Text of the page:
Could we instead look for a redesign of curriculum and assessment which seeks to transform student learning, and enable, rather than limit it? Those very high level and generalisable skills such as problem solving are highly sought after by employers, but they are acquired during long periods of intensive and wide-ranging study. They also underpin the ability to extend and challenge existing bodies of knowledge. There are experiments in this vein, though mostly in the private HE sector in the UK. Taking current degree programs and exploding them into ever-diminishing units for sale might divert us from a more productive way forward to a truly 21st century curriculum.

Academic conditions of labour

With the sudden shift to online learning, many academics find themselves overwhelmed by excessive workloads, especially if they lack experience and training. There has been pressure to redesign modules, sometimes in four modalities: FTF, online, hybrid and hyflex. This has meant many academics have gone without leave and have shelved their research.

Suddenly teaching has taken centre stage as universities have struggled to fulfil obligations to enrolled students. This has come without any promise of reward or esteem. In some cases, universities have cancelled or denied research leave this year. Often, research grants and book contracts have inflexible deadlines, so academics find themselves working massive overloads.

Alongside the pivot to online, there has been an expectation that academics will undertake additional emotional labour as they realise the importance of staying in contact with students who may be facing a difficult transition to ‘the student experience’ 2020. As well as coping with Covid and isolation, many first year students will have understandable anxieties about more extensive independent learning than they were anticipating. They will turn to academics for reassurance in the first instance, adding another priority. After the summer’s redundancies, that workload will be distributed among even fewer staff.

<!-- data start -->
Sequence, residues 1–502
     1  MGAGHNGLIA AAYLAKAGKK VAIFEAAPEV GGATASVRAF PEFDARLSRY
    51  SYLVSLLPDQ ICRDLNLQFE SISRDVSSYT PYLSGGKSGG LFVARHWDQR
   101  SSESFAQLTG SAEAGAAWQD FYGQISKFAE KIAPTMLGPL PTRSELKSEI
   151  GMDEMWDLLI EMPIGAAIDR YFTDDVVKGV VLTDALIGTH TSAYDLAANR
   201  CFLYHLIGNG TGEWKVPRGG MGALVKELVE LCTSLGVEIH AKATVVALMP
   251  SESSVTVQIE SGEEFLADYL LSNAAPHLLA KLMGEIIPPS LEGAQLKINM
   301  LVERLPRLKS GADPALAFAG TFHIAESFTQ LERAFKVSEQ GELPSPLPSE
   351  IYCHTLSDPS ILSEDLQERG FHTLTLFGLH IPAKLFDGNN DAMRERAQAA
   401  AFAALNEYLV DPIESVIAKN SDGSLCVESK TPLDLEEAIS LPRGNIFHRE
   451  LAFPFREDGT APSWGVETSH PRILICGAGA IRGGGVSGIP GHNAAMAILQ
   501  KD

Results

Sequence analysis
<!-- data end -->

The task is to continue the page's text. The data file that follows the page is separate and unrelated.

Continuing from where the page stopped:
Even prior to the pandemic, there has been a move towards academic fracking – the separation of teaching and research pathways for academics -. It has become harder (or management has become more unwilling) to subsidize research from tuition fees. Therefore, to be coded as research, your project has to be paid for by external income. So, no grant can mean no research component to your workload. This trend will be accelerated by the pandemic.

There is a suggestion that teaching may assume a new primacy and that we might exchange precarity of labour for more full-time jobs. But is this an advantage if those posts are characterised by inflexibility and paucity of opportunity, especially in the teaching-focussed pathways?

What will emerge from this chaos is the post-pandemic university. We just hope that the university that emerges is one we recognise and one that works in the interests of students and academic enquiry. We need to be vigilant and ensure that the more pernicious patterns that hamper those interests now are not amplified in the new forms of pedagogy and management that will materialize. We need to develop what Kate Bowles and colleagues call labour literacy (Building the Post Pandemic University online conference 18th September). And because the neoliberal university demands that we prepare students for the world of work, we need to ensure we teach critical labour literacy to students.

To summarise, there are some choices that will arise from our current breach point for higher education:

Labour

More full-time jobs or a descent into casualisation?

Will teaching and research go forward together, or diverge as separate pathways?

Workplaces that nurture the human or neglect it?

Pedagogy

Universities as training farms for industry or spaces for exploration and growth?

Assessment for pedagogy or penance?

Curriculum design: which modality of teaching offers the best experience of interaction, engagement, equality?

Values

Universities where outcomes or values predominate? Teleological or mechanistic drivers.

Universities as archival or critical?

Universities for kindness or rigidity?